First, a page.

A massive regulatory investigation launched in 2013 into interest rate rigging inside the big four banks is heading for the courts.
It is understood that the Australian Securities and Investments Commission is on the verge of launching legal action against ANZ Banking Group amid a massive industry-wide investigation into manipulation of the bank bill swap rate (BBSW).
The regulator is believed to have drafted statements of claim and will file a civil action against ANZ in relation to breaches of the law relating to BBSW between 2007 and 2013.
An announcement is expected to be made in the next few weeks.
Ten individuals are also expected to be implicated in the civil suit. It is not known whether ASIC will file one action against ANZ and the 10 individuals, or follow the British model and launch a separate action against the institution and individuals.
ASIC's action will send chills throughout the other big banks, which are part of ASIC's BBSW rigging and collusion investigation. The investigation into the big four is being conducted sequentially.
It is understood the entire investigation will be wrapped up within the next six to 12 months.
A spokesman for ASIC declined to comment. He said ASIC doesn't comment on big investigations.
Pressure on ANZ chief
The legal brawl will add to the number of issues and scandals facing ANZ's new chief executive Shayne Elliott, who has been out on the hustings trying to downplay recent blockbuster allegations of a toxic culture inside the bank's global markets division.
The allegations, filed against the bank in a $30 million unfair dismissal claim by Etienne Alexiou, paint a picture of a depraved culture that included cocaine snorting by some traders, obscene language, sex, excess booze and excessive bonuses.
Alexiou was dismissed last September on the grounds that he breached the bank's code of conduct. In his statement of claim he alleges he warned some of the bank's senior management about unethical treatment of investors.
He and six staff were suspended by ANZ in late 2014 while the bank conducted its own investigations into BBSW.
On Friday, ANZ lodged its defence, which included releasing confidential messages between Alexiou and traders in other banks. The messages were highly offensive.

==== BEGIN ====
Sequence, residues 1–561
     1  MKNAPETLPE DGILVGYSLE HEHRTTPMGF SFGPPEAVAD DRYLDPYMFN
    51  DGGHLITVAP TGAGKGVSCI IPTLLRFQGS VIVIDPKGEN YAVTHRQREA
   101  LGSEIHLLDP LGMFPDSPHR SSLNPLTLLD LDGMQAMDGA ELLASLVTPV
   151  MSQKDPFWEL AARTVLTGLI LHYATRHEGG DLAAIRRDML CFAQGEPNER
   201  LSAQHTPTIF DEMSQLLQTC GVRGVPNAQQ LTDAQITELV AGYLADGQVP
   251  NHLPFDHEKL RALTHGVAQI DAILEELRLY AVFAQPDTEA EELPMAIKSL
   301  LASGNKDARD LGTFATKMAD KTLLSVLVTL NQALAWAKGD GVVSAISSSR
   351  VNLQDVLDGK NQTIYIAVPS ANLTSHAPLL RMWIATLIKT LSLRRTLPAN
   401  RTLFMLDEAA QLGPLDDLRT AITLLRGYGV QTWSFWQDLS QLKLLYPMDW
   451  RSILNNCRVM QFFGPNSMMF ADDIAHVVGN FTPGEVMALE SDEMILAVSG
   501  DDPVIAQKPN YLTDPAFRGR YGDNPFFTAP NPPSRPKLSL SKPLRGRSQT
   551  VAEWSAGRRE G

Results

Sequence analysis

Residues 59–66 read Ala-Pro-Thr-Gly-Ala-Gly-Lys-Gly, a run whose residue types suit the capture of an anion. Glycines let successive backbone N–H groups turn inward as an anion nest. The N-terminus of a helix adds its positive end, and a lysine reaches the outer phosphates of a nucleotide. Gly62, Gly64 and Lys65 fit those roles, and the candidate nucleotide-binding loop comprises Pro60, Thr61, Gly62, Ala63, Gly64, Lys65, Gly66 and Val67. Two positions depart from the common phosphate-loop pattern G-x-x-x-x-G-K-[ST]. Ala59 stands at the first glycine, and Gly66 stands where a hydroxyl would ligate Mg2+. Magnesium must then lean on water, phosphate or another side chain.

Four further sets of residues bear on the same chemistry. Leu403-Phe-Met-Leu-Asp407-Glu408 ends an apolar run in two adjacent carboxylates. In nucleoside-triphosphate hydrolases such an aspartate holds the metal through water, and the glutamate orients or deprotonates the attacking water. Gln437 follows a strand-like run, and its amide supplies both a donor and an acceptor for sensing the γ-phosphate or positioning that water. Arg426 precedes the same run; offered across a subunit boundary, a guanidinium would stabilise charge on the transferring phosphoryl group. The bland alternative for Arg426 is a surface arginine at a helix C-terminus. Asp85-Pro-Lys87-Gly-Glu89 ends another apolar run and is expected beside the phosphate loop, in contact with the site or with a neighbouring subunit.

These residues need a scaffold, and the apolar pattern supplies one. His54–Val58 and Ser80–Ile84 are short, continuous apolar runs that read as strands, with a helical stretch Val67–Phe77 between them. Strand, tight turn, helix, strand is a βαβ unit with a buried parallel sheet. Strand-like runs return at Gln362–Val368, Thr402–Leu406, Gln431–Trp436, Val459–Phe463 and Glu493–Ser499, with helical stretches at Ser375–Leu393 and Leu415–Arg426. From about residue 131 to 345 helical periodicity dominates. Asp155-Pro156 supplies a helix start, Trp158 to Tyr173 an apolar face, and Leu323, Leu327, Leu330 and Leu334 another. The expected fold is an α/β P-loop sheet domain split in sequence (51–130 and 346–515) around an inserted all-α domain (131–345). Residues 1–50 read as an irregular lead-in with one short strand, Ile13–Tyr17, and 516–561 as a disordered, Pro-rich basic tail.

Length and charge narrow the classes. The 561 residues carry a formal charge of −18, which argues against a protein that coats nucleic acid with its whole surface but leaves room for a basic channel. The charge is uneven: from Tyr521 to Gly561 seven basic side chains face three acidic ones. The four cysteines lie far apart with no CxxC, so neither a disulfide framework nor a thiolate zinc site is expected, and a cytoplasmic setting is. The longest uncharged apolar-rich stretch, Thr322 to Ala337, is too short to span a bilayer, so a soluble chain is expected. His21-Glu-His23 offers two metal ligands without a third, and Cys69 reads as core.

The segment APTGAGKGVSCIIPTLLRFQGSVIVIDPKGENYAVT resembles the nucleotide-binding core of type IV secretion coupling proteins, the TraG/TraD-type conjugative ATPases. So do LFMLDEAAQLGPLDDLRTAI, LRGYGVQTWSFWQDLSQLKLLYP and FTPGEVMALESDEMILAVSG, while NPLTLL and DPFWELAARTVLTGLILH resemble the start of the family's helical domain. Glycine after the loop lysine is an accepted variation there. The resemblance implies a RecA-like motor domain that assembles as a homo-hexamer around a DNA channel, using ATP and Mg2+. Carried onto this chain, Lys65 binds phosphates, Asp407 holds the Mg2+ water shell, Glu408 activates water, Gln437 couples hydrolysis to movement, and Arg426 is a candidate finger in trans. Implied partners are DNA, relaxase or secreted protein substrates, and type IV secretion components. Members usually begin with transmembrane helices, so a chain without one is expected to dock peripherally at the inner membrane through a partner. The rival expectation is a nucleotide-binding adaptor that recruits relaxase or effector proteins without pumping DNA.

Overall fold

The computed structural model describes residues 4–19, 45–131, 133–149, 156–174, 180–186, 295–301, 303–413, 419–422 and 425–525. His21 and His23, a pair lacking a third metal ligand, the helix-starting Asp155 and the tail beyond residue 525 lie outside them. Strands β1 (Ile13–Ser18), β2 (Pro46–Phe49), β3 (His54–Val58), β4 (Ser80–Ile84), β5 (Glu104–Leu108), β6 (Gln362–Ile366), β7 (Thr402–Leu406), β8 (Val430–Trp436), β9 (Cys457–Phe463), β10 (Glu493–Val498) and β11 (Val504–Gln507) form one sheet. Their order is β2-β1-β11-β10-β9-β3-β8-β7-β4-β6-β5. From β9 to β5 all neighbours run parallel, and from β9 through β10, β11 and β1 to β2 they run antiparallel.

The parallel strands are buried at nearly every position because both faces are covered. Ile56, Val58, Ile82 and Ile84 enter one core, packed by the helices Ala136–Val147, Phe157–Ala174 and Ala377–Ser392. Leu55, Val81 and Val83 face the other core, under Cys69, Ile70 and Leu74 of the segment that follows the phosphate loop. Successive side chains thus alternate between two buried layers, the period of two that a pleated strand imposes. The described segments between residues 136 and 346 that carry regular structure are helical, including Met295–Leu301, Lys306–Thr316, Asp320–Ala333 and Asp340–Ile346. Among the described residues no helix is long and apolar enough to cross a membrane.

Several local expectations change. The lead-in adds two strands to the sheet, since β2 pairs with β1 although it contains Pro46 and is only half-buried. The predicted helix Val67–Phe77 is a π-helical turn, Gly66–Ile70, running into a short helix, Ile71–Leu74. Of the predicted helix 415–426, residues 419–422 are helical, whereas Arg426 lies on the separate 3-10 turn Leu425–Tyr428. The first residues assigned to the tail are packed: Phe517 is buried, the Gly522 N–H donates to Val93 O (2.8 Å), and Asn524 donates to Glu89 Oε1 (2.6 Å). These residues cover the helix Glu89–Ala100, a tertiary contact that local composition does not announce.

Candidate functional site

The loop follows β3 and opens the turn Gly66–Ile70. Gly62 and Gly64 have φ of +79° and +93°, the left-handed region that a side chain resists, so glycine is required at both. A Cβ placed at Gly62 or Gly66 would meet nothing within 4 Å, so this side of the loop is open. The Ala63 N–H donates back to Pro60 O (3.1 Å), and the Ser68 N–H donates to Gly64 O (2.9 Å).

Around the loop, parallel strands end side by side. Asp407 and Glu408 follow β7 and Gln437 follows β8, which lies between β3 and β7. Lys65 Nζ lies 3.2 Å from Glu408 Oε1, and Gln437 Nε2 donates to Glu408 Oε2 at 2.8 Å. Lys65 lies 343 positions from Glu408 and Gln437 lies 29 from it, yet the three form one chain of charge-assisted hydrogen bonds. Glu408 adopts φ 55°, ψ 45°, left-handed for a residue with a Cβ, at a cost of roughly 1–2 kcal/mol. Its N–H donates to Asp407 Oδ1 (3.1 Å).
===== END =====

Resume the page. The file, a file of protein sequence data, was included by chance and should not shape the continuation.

ANZ is understood to be aware of ASIC's impending legal action. In a statement to The Australian Financial Review an ANZ spokesman said: "We are continuing to co-operate with ASIC's investigation and remain in discussion with them."
Questions from Dastyari
When ASIC fronts the Senate on Thursday, Senator Sam Dastyari will ask commissioners for an update on the BBSW rigging investigation.
Senator Dastyari has taken a keen interest in ASIC's investigation. Last year he caused a stir when he named ANZ as the bank that was trying to stonewall ASIC's investigation. He told ANZ to stop "obfuscating the investigation".
His comments followed a plea by ASIC chairman Greg Medcraft for certain banks to stop using "legalistic" approaches to contest requests for information.
The investigation into BBSW is massive. The importance of benchmarks – and rigging them – cannot be underestimated. Benchmarks are integral to the functioning of markets. As Medcraft told the Senate: "They power the economy . . . They are like the wiring of a house . . . Interest rates are part of the wiring of the financial system."
To put it into perspective, the BBSW is used to set interest rates on hundreds of billions of dollars of wholesale and retail fixed-income securities.
Senator Dastyari told the Financial Review that "rate-rigging isn't a victimless act". He said if rigging has gone on, every Australian is a victim of it. He said if the allegations he was hearing were true, "these bankers have been committing insider trading on a scale never seen before in this country".